Persistent practical problems

 

As I explored the role of destination as we organize our cities in previous posts, I reached the conclusion that where we are headed is both alive and adrift. We know – and we don’t know exactly – what we want to achieve at the same time. When we have a destination in mind, but it shifts and adjusts to changing life conditions, something new has emerged. When we notice that we are moving in a direction, even if not yet able to define that direction and it feels adrift, it is alive. Our purposes are planned and unplanned.

When we have a clear destination in mind, it is easy to lay out a course of action because it is clear, linear and rational. When we trust we are moving in a direction, we only know we are moving in a direction when we come upon thresholds – indicators that something is happening.

In our cities, Jane Jacobs notices that new activities must take place for cities to develop – or they stagnate. She wrote this passage in her book, The Economy of Cities, in 1969:

Once a serious practical problem has appeared in an economy, it can only be eliminated by adding new goods and services into economic life. From this solution to city problems comes true economic growth and abundance. No city by itself develops all the various goods and services required to overcome its complex practical problems, at least not in historic times and probably not in prehistoric times either. Cities copy each others’ solutions, often very swiftly. They also support each others’ solutions, by importing relevant goods to solve problems. 

Practical problems that persist and accumulate in cities are symptoms of arrested development. The point is seldom admitted. It has become conventional, for instance, to blame congested and excessive automobile traffic, air pollution and noise upon ‘rapid technological progress.’ But the automobiles, the fumes, the sewage and the noise are not new, and the persistently unsolved problems they afford only demonstrate lack of progress. Many evils conventionally blamed upon progress are, rather, evils of stagnation. 

I was born 6 days into the year 1970, and the list of persistent practical problems that Jacobs articulates has not lessened in my lifetime. I agree that this indicates stagnation while simultaneously I would argue that we have made progress in other areas of city life. But regardless of the progress made, the persistent problems persist and this should capture our attention.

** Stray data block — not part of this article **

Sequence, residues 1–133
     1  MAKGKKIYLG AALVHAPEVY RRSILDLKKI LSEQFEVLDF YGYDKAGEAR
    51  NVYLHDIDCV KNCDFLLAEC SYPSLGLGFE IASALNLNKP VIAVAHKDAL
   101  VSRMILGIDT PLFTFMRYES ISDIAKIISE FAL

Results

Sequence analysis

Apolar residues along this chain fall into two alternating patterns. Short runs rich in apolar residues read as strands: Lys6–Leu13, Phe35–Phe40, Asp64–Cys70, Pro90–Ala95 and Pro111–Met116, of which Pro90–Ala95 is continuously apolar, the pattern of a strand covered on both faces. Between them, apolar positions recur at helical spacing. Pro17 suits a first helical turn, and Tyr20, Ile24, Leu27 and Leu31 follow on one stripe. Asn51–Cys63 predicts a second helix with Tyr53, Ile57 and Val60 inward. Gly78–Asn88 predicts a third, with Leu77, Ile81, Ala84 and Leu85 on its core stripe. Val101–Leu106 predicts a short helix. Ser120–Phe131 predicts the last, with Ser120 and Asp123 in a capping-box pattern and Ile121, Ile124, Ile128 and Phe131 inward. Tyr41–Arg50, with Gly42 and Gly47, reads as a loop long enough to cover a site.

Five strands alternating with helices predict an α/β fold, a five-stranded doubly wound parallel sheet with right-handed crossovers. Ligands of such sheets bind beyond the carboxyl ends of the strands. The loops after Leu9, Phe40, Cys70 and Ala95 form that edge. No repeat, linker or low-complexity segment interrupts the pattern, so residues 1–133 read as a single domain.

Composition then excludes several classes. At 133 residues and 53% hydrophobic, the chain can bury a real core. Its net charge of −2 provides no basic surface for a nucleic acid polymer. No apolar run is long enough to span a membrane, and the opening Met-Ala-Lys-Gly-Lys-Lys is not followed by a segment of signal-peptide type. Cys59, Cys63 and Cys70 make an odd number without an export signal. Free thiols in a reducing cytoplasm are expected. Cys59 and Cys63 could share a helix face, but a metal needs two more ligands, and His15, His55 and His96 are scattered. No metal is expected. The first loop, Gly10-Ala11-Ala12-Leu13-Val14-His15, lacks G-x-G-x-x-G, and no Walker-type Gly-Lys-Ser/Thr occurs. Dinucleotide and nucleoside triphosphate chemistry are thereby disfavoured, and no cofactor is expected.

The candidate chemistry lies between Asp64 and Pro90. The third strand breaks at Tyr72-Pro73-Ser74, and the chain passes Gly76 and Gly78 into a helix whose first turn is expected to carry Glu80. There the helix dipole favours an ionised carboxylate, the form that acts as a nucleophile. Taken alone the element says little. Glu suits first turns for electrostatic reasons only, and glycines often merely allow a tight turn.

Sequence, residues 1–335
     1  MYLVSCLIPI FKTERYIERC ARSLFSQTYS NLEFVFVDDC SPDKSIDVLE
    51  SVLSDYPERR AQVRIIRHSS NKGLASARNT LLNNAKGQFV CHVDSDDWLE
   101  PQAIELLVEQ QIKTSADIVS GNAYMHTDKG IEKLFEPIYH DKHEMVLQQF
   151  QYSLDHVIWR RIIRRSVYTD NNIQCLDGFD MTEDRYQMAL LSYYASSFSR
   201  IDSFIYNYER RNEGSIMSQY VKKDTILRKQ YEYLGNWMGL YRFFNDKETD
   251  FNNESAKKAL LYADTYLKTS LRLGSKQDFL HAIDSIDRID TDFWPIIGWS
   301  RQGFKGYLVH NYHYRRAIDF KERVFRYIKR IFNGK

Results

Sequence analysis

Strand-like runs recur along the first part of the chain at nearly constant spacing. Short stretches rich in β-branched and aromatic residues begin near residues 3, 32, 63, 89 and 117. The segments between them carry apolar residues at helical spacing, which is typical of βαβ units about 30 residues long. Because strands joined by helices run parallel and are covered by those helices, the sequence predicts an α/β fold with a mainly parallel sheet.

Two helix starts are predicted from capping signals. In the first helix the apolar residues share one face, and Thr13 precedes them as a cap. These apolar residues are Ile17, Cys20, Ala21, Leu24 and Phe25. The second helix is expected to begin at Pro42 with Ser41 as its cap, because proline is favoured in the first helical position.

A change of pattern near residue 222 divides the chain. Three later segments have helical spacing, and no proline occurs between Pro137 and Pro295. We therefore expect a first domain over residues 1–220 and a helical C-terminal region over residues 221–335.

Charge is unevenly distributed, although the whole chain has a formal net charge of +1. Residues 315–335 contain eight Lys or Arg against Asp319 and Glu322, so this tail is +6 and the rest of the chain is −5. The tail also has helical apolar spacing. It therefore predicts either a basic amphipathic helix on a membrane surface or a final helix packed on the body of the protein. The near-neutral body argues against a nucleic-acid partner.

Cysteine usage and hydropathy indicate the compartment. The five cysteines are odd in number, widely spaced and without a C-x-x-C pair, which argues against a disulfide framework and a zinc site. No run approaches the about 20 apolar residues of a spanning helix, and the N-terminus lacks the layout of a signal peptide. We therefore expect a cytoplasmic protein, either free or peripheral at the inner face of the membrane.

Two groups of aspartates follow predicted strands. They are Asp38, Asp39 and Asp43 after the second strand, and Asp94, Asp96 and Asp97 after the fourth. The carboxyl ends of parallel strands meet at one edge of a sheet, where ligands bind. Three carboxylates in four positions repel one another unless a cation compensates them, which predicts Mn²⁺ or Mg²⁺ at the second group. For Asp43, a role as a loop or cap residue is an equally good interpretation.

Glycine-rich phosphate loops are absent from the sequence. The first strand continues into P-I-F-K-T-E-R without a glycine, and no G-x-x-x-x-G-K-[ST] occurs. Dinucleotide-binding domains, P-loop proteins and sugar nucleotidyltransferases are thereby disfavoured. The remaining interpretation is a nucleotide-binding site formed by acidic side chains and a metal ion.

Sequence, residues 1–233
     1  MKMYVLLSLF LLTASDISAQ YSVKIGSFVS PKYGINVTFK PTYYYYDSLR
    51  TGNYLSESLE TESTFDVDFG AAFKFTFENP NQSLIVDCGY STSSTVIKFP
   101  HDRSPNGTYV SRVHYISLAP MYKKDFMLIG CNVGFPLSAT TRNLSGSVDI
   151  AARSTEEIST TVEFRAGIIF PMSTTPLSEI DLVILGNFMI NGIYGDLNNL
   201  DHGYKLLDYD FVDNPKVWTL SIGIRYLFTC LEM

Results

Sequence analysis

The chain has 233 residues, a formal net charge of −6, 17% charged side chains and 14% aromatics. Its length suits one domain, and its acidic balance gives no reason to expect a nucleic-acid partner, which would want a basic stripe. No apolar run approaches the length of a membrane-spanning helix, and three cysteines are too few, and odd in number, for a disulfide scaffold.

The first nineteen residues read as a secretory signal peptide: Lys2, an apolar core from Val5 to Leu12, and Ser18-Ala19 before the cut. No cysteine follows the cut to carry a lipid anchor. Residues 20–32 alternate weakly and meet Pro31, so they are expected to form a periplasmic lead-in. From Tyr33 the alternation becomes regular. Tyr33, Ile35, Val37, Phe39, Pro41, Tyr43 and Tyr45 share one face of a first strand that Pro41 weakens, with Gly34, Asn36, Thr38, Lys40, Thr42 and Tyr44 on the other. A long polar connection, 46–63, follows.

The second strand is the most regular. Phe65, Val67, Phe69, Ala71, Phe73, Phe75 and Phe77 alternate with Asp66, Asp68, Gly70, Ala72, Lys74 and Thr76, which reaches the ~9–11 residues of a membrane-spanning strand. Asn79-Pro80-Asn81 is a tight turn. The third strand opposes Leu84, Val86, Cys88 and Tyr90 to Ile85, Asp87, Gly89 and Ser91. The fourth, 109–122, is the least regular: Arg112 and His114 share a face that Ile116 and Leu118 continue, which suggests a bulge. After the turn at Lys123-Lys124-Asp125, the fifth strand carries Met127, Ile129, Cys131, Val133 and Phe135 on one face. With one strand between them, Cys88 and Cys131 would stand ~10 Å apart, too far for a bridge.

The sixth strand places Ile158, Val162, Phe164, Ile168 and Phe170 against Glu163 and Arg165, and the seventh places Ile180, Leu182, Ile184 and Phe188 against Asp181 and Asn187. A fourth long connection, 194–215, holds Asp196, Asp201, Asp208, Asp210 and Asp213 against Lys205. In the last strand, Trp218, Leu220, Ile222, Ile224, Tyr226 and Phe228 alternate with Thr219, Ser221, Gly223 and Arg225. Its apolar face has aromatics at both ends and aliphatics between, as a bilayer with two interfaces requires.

There are three significant points made in this passage:

    1. New work is essential to address the challenges of today’s life conditions.
    2. New work replicates itself – as appropriate, and as determined by us – across and city and from city to city.
    3. Persistent problems are an indicator of arrested development, a lack of progress, stagnation of our individual and collective development.

Jacobs is highlighting the need to notice when it is time to learn – to know and understand the world differently.  In an earlier post, I highlight the conditions for evolutionary expansion articulated by Beck and Cowan: openness to the potential for change, exploration of solutions, a sense of dissonance with way things are, a realistic understanding of barriers to change, insight into new patterns, and consolidation of understanding.

Jacobs is telling us, from 1969, that the well-being of our cities has everything to do with how we show up – our willingness to grow and learn as individuals and as whole cities. Persistent practical problems in our cities are an indicator of OUR stagnation, our lack of emergence.

The next series of posts will highlight forms of thresholds that tell us that the conditions are there, should we choose, to know and understand our world differently. To emerge.

 

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Sources / Further reading

Jane Jacobs, The Economy of Cities

Peggy Holman, Engaging Emergence: Turning Upheaval into Opportunity

Don Edward Beck and Christopher C. Cowan, Spiral Dynamics: Mastering Values, Leadership and Change 

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This post forms part of Chapter 6 – Emerging Thresholds, of Nest City: The Human Drive to Thrive in Cities. Click here for an overview of Chapters 4-7 (Part 2 – Organizing for Emergence). Click here for an overview of the three parts of Nest City.

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